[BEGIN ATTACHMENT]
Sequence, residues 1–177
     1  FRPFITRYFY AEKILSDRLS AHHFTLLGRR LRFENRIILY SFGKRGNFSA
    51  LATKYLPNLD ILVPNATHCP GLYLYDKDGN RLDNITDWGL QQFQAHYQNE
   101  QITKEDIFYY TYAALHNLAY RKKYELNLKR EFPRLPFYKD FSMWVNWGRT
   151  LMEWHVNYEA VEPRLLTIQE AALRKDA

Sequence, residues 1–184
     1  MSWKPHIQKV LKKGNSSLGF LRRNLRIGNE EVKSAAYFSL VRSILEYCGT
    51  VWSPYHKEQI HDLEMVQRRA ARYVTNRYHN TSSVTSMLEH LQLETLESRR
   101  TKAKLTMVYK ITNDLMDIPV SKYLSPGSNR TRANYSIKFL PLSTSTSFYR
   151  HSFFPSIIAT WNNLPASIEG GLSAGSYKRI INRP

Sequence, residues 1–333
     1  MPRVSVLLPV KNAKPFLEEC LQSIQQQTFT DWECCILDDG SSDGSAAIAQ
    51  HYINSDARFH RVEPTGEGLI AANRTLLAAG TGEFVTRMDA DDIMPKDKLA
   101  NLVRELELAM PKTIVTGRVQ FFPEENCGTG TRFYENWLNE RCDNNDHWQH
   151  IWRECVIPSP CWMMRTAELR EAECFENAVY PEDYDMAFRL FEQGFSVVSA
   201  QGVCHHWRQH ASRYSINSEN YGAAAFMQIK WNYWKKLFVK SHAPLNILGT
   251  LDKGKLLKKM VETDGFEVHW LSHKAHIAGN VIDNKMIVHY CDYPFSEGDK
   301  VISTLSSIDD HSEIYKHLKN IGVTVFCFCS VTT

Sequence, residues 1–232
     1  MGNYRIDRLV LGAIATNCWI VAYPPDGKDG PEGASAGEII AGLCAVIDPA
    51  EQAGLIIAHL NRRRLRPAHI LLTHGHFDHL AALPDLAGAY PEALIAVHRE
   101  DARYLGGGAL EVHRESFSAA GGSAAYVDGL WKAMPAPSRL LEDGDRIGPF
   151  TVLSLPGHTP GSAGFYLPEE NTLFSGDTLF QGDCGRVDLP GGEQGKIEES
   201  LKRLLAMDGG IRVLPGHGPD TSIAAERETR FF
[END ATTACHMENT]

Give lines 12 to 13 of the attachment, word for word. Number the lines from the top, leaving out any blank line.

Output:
     1  MPRVSVLLPV KNAKPFLEEC LQSIQQQTFT DWECCILDDG SSDGSAAIAQ
    51  HYINSDARFH RVEPTGEGLI AANRTLLAAG TGEFVTRMDA DDIMPKDKLA